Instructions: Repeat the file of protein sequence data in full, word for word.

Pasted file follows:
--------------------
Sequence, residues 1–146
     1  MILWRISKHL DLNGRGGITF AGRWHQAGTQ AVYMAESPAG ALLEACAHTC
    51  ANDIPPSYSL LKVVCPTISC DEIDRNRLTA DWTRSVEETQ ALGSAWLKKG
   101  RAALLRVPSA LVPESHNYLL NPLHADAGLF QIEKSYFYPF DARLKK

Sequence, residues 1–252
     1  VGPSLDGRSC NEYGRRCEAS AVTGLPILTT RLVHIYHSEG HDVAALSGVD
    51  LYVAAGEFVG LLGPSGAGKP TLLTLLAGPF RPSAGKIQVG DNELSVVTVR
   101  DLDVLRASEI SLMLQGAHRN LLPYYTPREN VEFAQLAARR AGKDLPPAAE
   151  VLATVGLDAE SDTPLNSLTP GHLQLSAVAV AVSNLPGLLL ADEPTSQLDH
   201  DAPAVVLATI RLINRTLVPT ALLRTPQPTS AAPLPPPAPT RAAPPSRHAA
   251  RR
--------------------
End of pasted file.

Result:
Sequence, residues 1–146
     1  MILWRISKHL DLNGRGGITF AGRWHQAGTQ AVYMAESPAG ALLEACAHTC
    51  ANDIPPSYSL LKVVCPTISC DEIDRNRLTA DWTRSVEETQ ALGSAWLKKG
   101  RAALLRVPSA LVPESHNYLL NPLHADAGLF QIEKSYFYPF DARLKK

Sequence, residues 1–252
     1  VGPSLDGRSC NEYGRRCEAS AVTGLPILTT RLVHIYHSEG HDVAALSGVD
    51  LYVAAGEFVG LLGPSGAGKP TLLTLLAGPF RPSAGKIQVG DNELSVVTVR
   101  DLDVLRASEI SLMLQGAHRN LLPYYTPREN VEFAQLAARR AGKDLPPAAE
   151  VLATVGLDAE SDTPLNSLTP GHLQLSAVAV AVSNLPGLLL ADEPTSQLDH
   201  DAPAVVLATI RLINRTLVPT ALLRTPQPTS AAPLPPPAPT RAAPPSRHAA
   251  RR